As soon as the family scallop season opens in Chilmark on October 1, my husband digs in the garage for his wooden culling board and the scallop drags I gave him one year for Christmas. He hoses off a pair of wire baskets, loads everything into his truck, and we head for Menemsha harbor where he keeps his boat. We’re going scalloping.
Not much is grander than steaming up Menemsha Pond on a shiny autumn morning cradling a hot cup of coffee from the gas dock. The sun dances off the water, and the weather is often still warm enough for just a tee-shirt.
Except for the fishermen competing in the annual Striped Bass and Bluefish Derby, most of the summer boats and crowds are gone, and there’s a welcome sense of space. We move slowly up the pond until Whit chooses where he wants to set the scallop drags.
Idling the boat, he throws first one and then the other drag into the shallow water. Every year he forgets how heavy even the empty ones are.
We motor slowly, letting the drags run gently along the bottom. Soon they are full. Together we manage to pull up each drag and dump the contents onto the culling board. There are a few crabs, empty oyster shells, and some seaweed, but the bulk of the take is delectable bay scallops.
My favorite way to eat a scallop is raw on the boat. Before we begin the job of culling we stop and indulge in a few tender bites. Holding a scallop by its side firmly but gently, I jimmy open the crenulated shell with a scallop knife and slide the guts off to expose the sweet muscle. I scrape against the shell with a quick turn of the knife, and a perfect bite is ready to be sucked out of the shell, sweet, cold, and utterly delicious.
My second favorite way to eat bay scallops is the way my father cooked them. He added an ample chunk of butter to a cast-iron skillet and put the pan on the stove over a high flame. Watching closely to make sure the butter was hot and bubbly, but not browning, he added the scallops. When I do it, I try to make sure no scallops are touching. I like them browned on the edges, but Dad didn’t care about that.
The procedure is simple, but there’s skill involved. Too hot a skillet and the butter burns; not hot enough, and the scallops release their juices. Once the scallops are in the pan, Dad stirred them for a few minutes keeping the heat pretty high. When he thought they were almost ready, he poured in a generous dollop of good sherry, enough so the scallops were swimming in a butter/sherry bath. He let this simmer a minute or so to burn off some of the alcohol.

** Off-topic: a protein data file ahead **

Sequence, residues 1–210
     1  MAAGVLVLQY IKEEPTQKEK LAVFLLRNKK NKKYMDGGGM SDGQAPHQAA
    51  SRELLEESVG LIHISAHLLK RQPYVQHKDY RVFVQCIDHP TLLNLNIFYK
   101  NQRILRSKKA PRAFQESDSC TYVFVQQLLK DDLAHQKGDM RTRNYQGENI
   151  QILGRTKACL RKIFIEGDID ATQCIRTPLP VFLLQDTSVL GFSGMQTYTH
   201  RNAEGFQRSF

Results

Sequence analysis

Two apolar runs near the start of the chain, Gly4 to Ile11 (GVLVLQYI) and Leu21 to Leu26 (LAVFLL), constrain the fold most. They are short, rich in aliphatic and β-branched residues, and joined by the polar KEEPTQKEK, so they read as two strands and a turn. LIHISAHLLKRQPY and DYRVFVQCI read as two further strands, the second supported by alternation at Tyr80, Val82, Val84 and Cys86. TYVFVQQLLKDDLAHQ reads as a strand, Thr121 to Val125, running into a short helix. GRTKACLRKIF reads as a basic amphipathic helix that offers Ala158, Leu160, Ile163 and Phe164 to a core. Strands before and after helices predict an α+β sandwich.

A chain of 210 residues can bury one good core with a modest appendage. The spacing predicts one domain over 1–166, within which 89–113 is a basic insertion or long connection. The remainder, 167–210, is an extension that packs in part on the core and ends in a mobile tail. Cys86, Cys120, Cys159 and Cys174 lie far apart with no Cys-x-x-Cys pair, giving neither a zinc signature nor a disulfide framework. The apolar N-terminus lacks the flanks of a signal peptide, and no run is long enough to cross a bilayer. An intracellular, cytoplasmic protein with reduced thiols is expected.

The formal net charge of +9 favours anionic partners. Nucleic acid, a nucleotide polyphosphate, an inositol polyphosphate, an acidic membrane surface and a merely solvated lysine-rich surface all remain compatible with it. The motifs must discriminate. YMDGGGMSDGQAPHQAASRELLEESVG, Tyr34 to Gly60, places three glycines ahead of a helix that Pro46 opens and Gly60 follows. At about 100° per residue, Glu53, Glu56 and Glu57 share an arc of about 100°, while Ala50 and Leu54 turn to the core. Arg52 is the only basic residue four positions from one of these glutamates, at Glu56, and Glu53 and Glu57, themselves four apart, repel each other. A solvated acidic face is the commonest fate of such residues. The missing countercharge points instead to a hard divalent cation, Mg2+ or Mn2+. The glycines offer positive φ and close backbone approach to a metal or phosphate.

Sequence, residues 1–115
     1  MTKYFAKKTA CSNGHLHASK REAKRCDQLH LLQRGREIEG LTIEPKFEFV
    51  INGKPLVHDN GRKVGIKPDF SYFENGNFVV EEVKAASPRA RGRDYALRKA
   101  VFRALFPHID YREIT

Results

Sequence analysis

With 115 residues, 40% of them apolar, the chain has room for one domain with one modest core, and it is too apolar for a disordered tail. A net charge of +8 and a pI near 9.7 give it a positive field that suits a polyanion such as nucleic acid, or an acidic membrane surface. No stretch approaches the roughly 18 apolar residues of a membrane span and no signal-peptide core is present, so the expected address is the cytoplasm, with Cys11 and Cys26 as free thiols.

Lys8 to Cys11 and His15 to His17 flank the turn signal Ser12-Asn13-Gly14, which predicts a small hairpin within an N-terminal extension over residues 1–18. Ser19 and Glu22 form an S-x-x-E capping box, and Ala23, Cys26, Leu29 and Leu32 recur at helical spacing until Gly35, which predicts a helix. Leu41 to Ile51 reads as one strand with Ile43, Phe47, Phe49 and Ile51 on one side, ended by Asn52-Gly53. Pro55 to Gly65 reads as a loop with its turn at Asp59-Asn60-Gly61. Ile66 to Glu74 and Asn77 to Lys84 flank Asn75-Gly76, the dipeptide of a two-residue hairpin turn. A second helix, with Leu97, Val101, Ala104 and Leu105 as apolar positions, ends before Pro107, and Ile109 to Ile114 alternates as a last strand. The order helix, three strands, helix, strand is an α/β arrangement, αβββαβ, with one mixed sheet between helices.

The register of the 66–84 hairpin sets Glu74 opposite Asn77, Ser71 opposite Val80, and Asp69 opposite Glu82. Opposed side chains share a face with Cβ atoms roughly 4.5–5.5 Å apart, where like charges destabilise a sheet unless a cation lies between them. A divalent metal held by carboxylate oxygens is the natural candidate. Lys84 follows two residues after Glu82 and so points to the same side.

The scallops were done. All that remained was to add a little salt and pepper to taste. Sometimes Dad poured the scallops onto a bed of rice, but usually he ladled them into shallow soup bowls and we ate them with a spoon, sopping up the extra juices with a crispy slice of warm French bread.
It’s hard to imagine a better setting for eating a scallop than an open boat on Menemsha pond, but Dad’s den ran a close second. There was always a roaring fire. We’d settle in on overstuffed chairs, dogs at our feet, set our bowls on rickety TV tables, and dig in. The meal was so rich the only thing we could do to settle our stomachs was to follow it with a small bowl of ice cream.
Before scallop season is over this year, I hope to have the opportunity to show my two children how to cook scallops the way Dad did. Recently I learned that Dad’s beloved uncle taught him this recipe. It’s funny to think that when Dad and I ate scallops together we were connected in that moment, but what grounded our memories was separated by at least a generation. Will knowing this way of cooking scallops has been passed down by family members for at least a century add to my children’s pleasure — or make it all too rich with meaning?
If so, we can go back to basics. Nothing beats the purity of that first raw bite — a taste the human family has enjoyed with unbridled pleasure generation after generation.